U.S. Supreme Court
Griswold v. Connecticut, 381 U.S. 479 (1965)
Griswold v. Connecticut
Argued March 29-30, 1965
Decided June 7, 1965
381 U.S. 479
Appellants, the Executive Director of the Planned Parenthood League of Connecticut, and its medical director, a licensed physician, were convicted as accessories for giving married persons information and medical advice on how to prevent conception and, following examination, prescribing a contraceptive device or material for the wife's use. A Connecticut statute makes it a crime for any person to use any drug or article to prevent conception. Appellants claimed that the accessory statute, as applied, violated the Fourteenth Amendment. An intermediate appellate court and the State's highest court affirmed the judgment.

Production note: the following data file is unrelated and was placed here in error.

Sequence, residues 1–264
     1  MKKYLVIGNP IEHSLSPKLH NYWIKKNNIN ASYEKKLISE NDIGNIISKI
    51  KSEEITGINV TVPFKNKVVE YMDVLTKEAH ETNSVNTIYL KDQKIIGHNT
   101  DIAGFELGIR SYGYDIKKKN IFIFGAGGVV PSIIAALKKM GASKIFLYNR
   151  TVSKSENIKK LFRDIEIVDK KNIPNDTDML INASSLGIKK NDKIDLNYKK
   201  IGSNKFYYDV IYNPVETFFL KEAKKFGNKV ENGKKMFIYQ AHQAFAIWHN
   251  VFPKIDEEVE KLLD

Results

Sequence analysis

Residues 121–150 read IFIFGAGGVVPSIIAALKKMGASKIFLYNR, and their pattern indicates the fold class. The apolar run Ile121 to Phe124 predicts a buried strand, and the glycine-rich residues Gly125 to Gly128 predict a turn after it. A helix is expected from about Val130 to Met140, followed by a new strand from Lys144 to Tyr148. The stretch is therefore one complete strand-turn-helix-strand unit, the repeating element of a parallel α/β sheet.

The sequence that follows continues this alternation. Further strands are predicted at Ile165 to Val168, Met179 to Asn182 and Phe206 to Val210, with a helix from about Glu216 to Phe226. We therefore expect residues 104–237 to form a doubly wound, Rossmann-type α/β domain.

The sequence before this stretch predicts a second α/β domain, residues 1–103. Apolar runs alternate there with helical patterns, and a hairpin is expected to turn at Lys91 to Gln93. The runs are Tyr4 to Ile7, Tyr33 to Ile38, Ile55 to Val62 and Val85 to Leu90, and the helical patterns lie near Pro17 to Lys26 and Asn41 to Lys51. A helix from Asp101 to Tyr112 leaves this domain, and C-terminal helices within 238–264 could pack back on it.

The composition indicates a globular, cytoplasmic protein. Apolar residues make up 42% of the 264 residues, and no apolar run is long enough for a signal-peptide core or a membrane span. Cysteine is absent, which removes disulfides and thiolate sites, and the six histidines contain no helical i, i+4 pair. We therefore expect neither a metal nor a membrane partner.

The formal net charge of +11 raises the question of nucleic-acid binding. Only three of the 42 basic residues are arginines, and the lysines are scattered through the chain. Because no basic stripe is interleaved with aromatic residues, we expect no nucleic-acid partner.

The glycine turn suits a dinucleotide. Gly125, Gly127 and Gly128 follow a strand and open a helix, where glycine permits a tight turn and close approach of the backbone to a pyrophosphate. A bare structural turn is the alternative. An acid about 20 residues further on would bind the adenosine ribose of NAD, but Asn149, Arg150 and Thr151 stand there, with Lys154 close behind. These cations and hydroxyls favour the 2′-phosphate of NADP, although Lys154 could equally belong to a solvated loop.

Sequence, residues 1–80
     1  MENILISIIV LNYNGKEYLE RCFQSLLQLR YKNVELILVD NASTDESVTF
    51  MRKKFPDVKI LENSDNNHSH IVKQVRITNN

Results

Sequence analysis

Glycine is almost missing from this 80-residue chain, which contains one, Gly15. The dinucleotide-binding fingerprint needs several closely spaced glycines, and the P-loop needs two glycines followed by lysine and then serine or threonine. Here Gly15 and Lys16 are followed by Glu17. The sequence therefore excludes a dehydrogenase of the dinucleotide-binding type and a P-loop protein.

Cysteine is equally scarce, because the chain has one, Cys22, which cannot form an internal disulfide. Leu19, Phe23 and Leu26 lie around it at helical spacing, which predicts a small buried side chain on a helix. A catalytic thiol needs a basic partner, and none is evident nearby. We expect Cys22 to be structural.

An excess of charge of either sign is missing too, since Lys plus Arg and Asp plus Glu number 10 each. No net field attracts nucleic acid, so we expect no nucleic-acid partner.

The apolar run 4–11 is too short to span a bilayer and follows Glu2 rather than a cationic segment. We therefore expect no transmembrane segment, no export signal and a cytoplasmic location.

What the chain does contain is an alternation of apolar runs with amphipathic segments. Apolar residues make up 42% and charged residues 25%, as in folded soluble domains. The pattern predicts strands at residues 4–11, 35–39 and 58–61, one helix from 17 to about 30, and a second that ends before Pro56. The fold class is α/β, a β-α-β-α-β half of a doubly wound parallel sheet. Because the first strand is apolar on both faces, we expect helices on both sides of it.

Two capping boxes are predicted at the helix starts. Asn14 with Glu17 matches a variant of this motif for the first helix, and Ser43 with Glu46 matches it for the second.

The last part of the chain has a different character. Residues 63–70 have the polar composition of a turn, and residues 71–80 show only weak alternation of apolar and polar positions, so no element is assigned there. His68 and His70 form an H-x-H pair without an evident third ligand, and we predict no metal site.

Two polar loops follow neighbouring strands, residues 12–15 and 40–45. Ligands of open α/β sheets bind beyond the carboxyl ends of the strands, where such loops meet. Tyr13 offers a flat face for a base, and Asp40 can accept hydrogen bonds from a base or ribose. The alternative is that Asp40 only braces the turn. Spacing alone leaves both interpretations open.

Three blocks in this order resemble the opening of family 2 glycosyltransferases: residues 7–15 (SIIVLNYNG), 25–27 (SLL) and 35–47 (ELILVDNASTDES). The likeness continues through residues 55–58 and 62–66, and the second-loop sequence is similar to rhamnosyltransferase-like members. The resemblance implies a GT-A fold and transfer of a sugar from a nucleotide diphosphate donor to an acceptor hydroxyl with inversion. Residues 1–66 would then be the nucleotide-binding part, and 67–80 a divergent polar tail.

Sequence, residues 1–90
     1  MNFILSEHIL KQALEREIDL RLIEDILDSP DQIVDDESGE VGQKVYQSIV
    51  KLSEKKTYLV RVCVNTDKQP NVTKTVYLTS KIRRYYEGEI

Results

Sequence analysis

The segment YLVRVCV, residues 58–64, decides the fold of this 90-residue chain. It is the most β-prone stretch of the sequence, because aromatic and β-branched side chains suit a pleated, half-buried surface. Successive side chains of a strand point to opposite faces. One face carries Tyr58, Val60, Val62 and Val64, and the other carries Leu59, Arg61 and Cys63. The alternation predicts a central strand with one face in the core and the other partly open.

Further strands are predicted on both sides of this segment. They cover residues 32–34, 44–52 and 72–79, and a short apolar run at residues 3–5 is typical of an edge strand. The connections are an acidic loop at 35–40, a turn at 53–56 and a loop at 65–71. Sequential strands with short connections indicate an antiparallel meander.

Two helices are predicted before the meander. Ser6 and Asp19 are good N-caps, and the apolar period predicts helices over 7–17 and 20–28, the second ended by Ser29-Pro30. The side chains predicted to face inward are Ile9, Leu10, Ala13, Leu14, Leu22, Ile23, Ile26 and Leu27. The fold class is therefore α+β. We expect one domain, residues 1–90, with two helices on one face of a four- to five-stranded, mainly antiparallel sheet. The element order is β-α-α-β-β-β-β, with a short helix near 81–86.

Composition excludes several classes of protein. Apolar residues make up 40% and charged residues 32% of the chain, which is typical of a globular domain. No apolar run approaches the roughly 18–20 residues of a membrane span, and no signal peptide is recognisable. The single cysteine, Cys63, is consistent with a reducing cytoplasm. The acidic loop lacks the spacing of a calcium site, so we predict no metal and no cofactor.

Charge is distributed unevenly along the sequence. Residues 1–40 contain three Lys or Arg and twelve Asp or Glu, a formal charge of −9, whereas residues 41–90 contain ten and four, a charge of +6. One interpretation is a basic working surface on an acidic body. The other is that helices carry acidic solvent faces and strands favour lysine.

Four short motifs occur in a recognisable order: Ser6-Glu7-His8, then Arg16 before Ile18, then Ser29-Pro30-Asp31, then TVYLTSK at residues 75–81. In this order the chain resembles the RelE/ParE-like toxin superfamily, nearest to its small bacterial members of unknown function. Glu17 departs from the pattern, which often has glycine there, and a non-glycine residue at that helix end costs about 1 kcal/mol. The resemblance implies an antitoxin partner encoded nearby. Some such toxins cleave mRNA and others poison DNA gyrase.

2. The Connecticut statute forbidding use of contraceptives violates the right of marital privacy which is within the penumbra of specific guarantees of the Bill of Rights. Pp. 381 U. S. 481-486.
151 Conn. 544, 200 A.2d 479, reversed. chanrobles.com-red